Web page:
A conference theme of ‘Differentiating ISPs in a Crowded Marketplace’ would appear to be a big ask for any ISP but Zen navigated through that maze with ease as Editor Ian Hunter reports.
I’ve attended many a partner conference over the last 30 years as both a presenter and a reporter so the trip up the M40 to the Belfry for the Zen event was a well-trodden path.
This one however turned out to be a really informative event that was a master class in organisation by Zen’s Head of Marketing Andie Walton and her team who laid on a cornucopia of presentations and practical, interactive workshops for the 60 plus delegates attending.
It was good to see the top brass from Zen play key roles and Richard Tang, founder and CEO did not disappoint with his presentation which apart from knocking me back a little to hear that the firm had just completed a £50m turnover year also provided an insight on the competitive battlefield ahead for ISPs – he detailed the forthcoming fight for market share of fibre connectivity that will take place over the next five years.
Against a conference theme of ‘Differentiating ISPs in a Crowded Marketplace’ Zen is positioned as an independent stable provider focussed on offering a premium service. Zen invests heavily in recruiting experienced people from the industry, training them to give them the right skills and adopts an approach that is all about ‘solving customer problems’ without a heavy focus on KPIs (average call length, number of calls per agent and maximum call length etc.)
Zen did not duck the hard questions either such as ‘does the channel get lost in price and technology and lose sight of easing partner and customer pain?’
There was a lot to talk about here – the race to the bottom e.g. Broadband and Ethernet pricing, and the technology hype? Zen’s focus is on what are the customer and partner benefits and fundamentally understanding the knock on effect that the cloud is no use without good access – customers want to get what they pay for and that is reliable service, professionally supported and no contention.
Zen says there is a trend towards a one-stop shop as customers reduce the number of suppliers. This was seen as both an opportunity and a threat where partners want a supplier that’s easy to do business with so they can focus on providing the service wrap.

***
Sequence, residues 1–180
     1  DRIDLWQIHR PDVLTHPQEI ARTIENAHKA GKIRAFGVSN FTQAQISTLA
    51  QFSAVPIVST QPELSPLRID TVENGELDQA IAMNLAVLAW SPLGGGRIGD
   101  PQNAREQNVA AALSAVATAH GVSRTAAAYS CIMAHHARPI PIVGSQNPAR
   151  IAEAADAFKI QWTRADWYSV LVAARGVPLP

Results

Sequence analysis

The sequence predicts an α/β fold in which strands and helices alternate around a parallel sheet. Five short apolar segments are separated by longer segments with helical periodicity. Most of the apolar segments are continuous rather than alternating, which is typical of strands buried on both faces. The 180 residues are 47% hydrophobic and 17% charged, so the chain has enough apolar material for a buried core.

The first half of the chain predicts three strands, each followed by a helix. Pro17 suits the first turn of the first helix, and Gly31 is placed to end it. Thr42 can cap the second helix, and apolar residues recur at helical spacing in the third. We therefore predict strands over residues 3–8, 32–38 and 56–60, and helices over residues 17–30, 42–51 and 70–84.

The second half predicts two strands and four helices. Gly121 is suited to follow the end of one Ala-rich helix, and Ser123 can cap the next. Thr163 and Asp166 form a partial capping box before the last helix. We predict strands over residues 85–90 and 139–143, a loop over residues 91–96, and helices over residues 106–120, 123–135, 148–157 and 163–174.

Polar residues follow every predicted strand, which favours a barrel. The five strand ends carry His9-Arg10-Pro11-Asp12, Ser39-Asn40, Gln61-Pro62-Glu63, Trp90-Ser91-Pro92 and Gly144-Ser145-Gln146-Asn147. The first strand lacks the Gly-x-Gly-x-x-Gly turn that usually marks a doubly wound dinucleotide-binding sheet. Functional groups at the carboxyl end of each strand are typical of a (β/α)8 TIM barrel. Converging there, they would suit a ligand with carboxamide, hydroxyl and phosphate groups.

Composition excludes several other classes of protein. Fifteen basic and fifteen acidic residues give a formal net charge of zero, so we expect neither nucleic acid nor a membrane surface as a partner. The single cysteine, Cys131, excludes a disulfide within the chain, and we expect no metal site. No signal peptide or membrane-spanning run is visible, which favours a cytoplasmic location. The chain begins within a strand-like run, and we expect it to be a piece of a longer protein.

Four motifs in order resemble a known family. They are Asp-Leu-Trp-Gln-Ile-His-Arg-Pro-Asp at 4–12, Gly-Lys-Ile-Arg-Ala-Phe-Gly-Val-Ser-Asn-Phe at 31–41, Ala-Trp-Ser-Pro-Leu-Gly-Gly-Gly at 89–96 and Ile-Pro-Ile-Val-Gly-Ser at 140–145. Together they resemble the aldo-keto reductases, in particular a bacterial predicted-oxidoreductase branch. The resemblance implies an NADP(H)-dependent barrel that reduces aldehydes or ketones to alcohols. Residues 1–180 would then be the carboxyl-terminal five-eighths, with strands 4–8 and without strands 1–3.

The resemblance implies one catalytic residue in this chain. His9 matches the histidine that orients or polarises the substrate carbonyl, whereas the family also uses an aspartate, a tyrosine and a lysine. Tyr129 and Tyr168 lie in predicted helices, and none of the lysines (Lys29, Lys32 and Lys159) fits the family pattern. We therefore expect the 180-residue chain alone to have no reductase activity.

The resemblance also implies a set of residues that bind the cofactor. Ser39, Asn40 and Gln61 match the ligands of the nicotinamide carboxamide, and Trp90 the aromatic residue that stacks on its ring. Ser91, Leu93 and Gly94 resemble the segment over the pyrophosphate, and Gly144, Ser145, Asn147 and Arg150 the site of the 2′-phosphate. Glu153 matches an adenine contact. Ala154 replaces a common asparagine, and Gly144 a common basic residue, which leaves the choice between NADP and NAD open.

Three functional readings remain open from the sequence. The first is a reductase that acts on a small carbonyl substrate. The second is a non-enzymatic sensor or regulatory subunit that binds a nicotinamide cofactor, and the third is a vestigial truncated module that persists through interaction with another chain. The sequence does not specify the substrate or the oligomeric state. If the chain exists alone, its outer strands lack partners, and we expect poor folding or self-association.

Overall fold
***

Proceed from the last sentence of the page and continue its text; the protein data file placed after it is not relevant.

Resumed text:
I mentioned the workshops earlier and I had, given our interest this year on portals, booked myself in to a session that focussed on what developments were happening on the Zen portal.
Well this was fun; it was interactive and broken down in to two teams of half a dozen where it felt a bit ‘Apprentice’. I had to contribute ideas with the team for new features and functionality and get them up on the board. No-one got fired before dinner thankfully and we should look forward to a new version of the portal later this year as a result – and if it’s good I’ll take all the credit and get a job with Alan Sugar.
So here’s another tough topic Zen covered – In a highly competitive industry, what’s the secret to longevity in the channel?
Zen says that for partners it’s about making sure they demonstrate they are adding value so the user is clear on the benefits of buying from a channel partner and not taking customer relationships for granted. It’ hard to win new customers but it can be very easy to take customers for granted and quickly lose them!
Interestingly Zen cautions partners on the challenge of diversification to increase wallet share vs. spreading yourself too thin and becoming the Jack of all trades but the master of none.
Reseller Partner of the Year won by Nexus
Dealer Partner of the Year won by IT Support Business
New Partner of the Year won by RHM
Rising Star won by Phormium IT
Solution Sale Partner of the Year won by Myson Pages
Spirit of Partnership award won by TSG
For service providers differentiation is about making sure you stand out from the crowd, providing lots of choice for resellers and demonstrating what’s different about your service. In Zen’s case they point to the quality of their service as being their key differentiator and this will continue to be the case.
And, as Andie Walton said, “I also think in recent years the fact Zen is privately owned and crucially is stable is very attractive to channel partners stung by partnering with a provider only for that company to be acquired or have a significant change of direction that affects the quality of the service.”
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